Failure #1: Mixing earthen and lime plasters on a wall surface. This is perhaps the most common mistake that I see over and over again. People choosing to use earthen plaster for the scratch and brown coats and a final, “durability coat” of lime. The problem here is that what you have is stronger plaster over weaker plaster when in reality, you want it the other way around: weaker plaster over stronger plaster.
If you consider all plaster work over the last say…thousand years, one thing holds true no matter what material you use. The second coat has more sand in it than the first coat and the third has more than the second. That makes the coats “weaker” as they move away from the wall. This is important because plaster moves, as do homes. If the weaker plaster beneath a strong lime finish coat can move more than the finish coat, you will ultimately get delamination between the two coats which will lead to eventual plaster failure. By laying weaker plaster over a stronger finish coat, it will always be able to move at least as much as the coat beneath it. This keeps the plasters well bonded and eliminates the high risks seen in the opposite application. Cracked cement plaster.
Failure #2: Trapping moisture in the wall. There are two main ways to create this problem. The first is to use a plaster than does not breathe well. For some reason, the use of cement in plaster is still celebrated by some builders. I do not understand this at all. We know that cement based plasters don’t breathe well and we know they are more prone to cracking than lime or earthen plasters. Sure they are stronger, but who cares when they will eventually cause your walls to rot. DO NOT USE CEMENT BASED PLASTERS on a bale home. That is as easy a fix as any.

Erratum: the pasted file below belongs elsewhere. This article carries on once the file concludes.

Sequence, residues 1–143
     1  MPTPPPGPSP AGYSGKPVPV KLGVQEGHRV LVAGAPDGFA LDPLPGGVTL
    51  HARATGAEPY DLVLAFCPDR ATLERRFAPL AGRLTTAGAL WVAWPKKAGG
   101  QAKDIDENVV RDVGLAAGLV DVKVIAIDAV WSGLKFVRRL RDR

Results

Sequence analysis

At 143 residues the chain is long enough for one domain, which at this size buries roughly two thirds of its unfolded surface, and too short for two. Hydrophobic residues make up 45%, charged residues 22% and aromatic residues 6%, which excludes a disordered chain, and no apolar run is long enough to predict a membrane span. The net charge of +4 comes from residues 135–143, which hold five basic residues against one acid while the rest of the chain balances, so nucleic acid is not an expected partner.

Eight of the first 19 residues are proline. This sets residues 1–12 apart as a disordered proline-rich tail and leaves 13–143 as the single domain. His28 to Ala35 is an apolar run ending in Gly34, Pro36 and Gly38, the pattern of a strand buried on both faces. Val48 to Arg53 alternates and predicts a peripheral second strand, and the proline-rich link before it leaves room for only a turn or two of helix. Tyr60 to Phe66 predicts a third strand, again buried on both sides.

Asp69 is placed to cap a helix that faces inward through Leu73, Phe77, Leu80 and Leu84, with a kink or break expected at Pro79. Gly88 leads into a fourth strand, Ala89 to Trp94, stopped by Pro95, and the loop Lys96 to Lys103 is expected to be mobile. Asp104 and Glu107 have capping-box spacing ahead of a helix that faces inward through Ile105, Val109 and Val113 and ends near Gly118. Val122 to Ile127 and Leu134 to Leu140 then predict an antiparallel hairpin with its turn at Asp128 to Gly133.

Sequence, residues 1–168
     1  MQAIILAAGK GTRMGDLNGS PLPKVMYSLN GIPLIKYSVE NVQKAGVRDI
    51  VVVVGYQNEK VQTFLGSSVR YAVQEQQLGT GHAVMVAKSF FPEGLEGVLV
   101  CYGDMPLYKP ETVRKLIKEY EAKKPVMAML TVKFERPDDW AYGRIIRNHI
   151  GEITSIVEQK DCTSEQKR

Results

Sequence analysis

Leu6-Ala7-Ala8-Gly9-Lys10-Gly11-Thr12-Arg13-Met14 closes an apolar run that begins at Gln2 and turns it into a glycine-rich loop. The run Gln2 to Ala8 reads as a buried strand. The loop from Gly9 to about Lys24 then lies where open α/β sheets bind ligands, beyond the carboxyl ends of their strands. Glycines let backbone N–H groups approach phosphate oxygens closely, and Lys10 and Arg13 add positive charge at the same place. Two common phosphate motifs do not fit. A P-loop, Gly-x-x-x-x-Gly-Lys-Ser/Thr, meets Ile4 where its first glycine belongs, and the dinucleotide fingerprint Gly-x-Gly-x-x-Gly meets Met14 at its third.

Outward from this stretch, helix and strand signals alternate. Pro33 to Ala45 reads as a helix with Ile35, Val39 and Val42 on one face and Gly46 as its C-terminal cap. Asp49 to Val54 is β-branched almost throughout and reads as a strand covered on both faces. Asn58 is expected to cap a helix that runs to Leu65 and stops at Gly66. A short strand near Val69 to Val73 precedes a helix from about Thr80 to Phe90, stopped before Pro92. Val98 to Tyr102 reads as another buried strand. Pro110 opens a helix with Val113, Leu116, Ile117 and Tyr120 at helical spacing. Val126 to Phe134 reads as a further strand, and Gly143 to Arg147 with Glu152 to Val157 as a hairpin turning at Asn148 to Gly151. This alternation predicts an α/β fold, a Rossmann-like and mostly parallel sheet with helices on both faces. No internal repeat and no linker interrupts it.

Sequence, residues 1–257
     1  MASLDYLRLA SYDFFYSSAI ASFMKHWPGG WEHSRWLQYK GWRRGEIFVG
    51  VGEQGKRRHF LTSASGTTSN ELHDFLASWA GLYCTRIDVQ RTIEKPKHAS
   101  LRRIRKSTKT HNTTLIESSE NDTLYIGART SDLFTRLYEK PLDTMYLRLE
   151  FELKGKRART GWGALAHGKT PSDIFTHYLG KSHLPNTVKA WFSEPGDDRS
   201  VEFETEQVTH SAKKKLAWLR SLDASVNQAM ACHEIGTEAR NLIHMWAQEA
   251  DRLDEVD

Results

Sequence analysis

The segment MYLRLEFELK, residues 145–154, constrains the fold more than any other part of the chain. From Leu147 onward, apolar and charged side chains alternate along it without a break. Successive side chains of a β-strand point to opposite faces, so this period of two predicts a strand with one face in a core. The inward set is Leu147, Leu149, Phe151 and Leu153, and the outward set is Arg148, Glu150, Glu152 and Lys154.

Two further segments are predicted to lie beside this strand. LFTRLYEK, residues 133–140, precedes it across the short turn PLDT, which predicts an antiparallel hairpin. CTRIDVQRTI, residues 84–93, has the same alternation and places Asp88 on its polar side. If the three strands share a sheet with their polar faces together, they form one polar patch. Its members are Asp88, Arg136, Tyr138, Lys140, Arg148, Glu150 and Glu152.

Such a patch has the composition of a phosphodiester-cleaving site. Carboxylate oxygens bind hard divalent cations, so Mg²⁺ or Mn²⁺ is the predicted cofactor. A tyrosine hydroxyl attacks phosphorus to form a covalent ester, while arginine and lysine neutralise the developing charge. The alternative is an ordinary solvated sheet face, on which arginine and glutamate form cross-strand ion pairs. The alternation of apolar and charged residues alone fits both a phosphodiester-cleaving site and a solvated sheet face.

The second way that moisture gets trapped in a wall is something I see all the time. People decide to use earthen plaster on the home’s interior and lime (or even worse: cement) on the exterior. Those materials all have a different rate of permeation. Let’s consider the most common application scenario: earthen on the interior and lime on the exterior. In any given hour, the earthen plaster will allow 10 units of moisture to enter the wall. During that same hour, the lime will allow 7 or 8 units to exit the wall. The remaining 2-3 units are stuck in the wall and will continue to build up in the straw, leading to moisture trapping issues which are the cause of bale decay.
I very often hear people complain about lime plaster being a bad choice because “they have heard” lime will cause rot in the bales. NO, THAT IS NOT TRUE. What is causing the rot is the overloading of moisture in the wall due to the uneven plaster moisture rates. Yes, there will be rot behind a plaster coat made of lime in this situation, but the lime is not to blame, it is the combination of materials that were used.
To prevent this problem you can either use the same material on both sides of the wall, or you can build up the interior coat to slow down the rate of movement through the wall. This is my favorite option. In the same example, we could simply build the interior earthen coat to 2” and leave the exterior lime coat at 1 1/4”. The added thickness on the interior will slow down the moisture movement through the wall such that the lime can release as much as the earthen will allow to enter in the same time period. Simple fix.